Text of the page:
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CUs' financial expertise can benefit own employees
KANSAS CITY, Mo. (1/24/14)--Credit unions searching for innovative ways to help the community should consider focusing some attention internally, according to a report by Mazuma CU.
 
 Extending financial literacy and financial education programs to credit union employees can help both the institution's bottom line and the community, the credit union said in the third article of its "Community Collaboration" series.
 
 According to the Kansas City, Mo.-based credit union, there is a real need for financial education throughout the national workforce, with some 85% of American workers wanting financial education.
 
The credit union also pointed to evidence that programs could essentially serve as wise investments in human capital. About 25% to 40% of employees report having difficulties staying productive because of financial problems, it claims. Mazuma also cited a study by the Personal Finance Employee Education Foundation, which found that the average employee wastes about five days worth of time at work due to personal financial issues.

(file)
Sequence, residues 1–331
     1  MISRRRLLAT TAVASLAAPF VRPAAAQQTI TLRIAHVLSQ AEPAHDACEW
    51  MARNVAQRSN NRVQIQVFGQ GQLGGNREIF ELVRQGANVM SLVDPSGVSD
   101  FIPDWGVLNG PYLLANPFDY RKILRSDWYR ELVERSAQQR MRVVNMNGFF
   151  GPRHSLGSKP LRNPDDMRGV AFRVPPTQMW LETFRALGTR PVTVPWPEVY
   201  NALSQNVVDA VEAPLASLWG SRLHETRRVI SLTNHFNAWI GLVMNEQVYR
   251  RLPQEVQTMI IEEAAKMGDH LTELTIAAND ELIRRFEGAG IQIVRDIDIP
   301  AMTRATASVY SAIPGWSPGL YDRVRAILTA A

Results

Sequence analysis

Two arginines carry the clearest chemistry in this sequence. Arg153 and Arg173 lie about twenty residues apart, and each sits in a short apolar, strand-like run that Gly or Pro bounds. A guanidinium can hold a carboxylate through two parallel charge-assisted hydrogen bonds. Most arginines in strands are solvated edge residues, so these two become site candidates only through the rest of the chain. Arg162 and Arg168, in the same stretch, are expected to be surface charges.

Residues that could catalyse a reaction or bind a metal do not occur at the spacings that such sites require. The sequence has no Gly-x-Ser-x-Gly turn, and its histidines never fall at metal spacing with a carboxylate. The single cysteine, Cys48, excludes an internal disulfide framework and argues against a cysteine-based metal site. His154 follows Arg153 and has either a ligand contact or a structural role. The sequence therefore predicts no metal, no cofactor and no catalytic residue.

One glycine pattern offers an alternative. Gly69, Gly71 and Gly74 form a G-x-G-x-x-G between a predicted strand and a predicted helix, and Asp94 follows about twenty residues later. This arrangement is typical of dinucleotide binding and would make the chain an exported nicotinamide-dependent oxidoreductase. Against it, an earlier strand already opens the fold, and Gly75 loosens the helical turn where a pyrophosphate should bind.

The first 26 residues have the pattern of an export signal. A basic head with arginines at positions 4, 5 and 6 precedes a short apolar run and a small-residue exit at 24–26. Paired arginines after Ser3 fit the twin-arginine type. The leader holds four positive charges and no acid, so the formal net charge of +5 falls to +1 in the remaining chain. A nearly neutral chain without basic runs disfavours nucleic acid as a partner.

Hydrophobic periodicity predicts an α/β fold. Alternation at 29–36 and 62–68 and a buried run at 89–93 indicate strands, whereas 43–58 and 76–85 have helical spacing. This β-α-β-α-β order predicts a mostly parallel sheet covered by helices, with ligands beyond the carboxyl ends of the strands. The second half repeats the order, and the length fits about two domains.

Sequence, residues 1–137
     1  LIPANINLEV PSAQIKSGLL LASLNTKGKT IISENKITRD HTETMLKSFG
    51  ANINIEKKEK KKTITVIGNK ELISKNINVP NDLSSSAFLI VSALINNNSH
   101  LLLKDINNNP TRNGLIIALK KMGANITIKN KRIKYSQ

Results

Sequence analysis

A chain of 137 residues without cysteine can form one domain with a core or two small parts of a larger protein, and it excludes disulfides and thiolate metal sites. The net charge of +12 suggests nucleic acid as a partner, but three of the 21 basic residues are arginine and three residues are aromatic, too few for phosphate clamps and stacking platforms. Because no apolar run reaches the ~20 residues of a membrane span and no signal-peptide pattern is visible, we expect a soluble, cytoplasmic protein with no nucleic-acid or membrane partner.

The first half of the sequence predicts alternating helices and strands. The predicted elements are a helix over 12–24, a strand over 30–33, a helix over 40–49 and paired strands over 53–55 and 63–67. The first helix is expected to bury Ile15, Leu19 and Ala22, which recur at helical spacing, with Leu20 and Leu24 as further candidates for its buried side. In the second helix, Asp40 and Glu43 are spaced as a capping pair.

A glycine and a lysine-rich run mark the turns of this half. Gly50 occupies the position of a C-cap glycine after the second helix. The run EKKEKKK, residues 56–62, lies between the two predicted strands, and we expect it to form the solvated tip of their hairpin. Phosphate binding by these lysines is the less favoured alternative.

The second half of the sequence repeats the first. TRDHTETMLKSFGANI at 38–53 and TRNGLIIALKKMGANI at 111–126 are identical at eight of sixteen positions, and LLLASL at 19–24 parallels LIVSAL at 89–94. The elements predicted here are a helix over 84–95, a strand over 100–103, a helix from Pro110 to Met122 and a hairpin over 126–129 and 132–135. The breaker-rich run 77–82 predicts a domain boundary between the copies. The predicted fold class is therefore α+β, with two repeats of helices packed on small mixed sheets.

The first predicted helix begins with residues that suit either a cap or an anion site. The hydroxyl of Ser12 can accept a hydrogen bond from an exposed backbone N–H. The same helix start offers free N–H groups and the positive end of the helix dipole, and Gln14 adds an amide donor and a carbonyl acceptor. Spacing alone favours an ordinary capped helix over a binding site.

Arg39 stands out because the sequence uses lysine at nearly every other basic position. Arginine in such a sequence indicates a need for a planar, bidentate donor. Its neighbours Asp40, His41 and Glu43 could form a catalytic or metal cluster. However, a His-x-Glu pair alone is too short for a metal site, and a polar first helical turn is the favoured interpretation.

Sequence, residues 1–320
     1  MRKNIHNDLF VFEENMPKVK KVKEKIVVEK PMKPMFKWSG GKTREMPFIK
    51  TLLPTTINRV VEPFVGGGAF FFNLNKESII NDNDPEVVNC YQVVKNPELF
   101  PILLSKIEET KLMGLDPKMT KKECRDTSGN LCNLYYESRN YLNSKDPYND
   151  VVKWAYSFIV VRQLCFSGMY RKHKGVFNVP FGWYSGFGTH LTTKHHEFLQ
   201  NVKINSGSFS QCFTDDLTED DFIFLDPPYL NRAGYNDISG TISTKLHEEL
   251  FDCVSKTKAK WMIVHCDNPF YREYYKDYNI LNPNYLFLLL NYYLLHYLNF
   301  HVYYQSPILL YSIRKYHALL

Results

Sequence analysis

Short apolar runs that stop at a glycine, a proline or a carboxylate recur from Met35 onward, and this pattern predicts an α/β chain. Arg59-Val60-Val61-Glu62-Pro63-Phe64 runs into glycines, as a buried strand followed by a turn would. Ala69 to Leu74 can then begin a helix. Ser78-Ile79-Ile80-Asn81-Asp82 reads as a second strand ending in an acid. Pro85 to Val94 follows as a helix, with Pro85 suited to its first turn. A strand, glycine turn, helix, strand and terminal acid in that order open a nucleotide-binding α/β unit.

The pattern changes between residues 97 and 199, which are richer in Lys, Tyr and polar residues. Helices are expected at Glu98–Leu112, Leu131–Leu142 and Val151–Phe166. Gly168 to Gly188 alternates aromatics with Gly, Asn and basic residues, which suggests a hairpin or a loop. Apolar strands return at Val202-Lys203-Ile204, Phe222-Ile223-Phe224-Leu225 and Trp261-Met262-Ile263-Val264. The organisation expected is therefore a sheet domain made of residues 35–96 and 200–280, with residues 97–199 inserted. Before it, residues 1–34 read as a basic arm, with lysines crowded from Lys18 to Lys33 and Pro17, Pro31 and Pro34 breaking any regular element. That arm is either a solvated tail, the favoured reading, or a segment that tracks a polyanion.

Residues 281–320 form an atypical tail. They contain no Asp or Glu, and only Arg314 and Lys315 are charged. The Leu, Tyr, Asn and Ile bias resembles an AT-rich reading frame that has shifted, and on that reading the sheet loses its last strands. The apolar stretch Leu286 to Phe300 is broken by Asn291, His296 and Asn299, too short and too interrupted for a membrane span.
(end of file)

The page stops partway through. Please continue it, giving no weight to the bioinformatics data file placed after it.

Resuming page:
"Financial education can, therefore, be a useful tool to reduce the associated costs of stress such as absenteeism, low productivity, turnover, and workplace distractions," President/CEO Brandon Michaels said, while increasing "the quality of life for employees."
 
Credit unions, many of which already teach financial literacy and financial education in their communities, are in a unique position to address this problem. But, Michaels warned that one-way information sessions, brochures and websites are insufficient.
 
"Employees must be able to put into context and apply the information they learn," the credit union said in the piece on corporate social responsibility. "They must be able to apply what they learn to their daily life and to change behavior. While it will not be a magic bullet to solve all employee financial issues, it will reduce the detrimental effects." 
 
The syllabus should incorporate more than benefits and retirement plans, the credit union advocated. It should include lessons on daily living, debt management and budgeting, with topics that include setting goals, net worth, cash flow, income, and predicting future costs.
 
Michaels encouraged credit unions considering an employee financial education program to engage employees in the planning stages by asking them what sort of information they want, how it should best be delivered, and by whom.
 
"Unless they are in a crisis, most employees won't take the time to seek out help on their own. This is why employees want to receive this type of education at work and from someone who does not sell the products taught about," he said.
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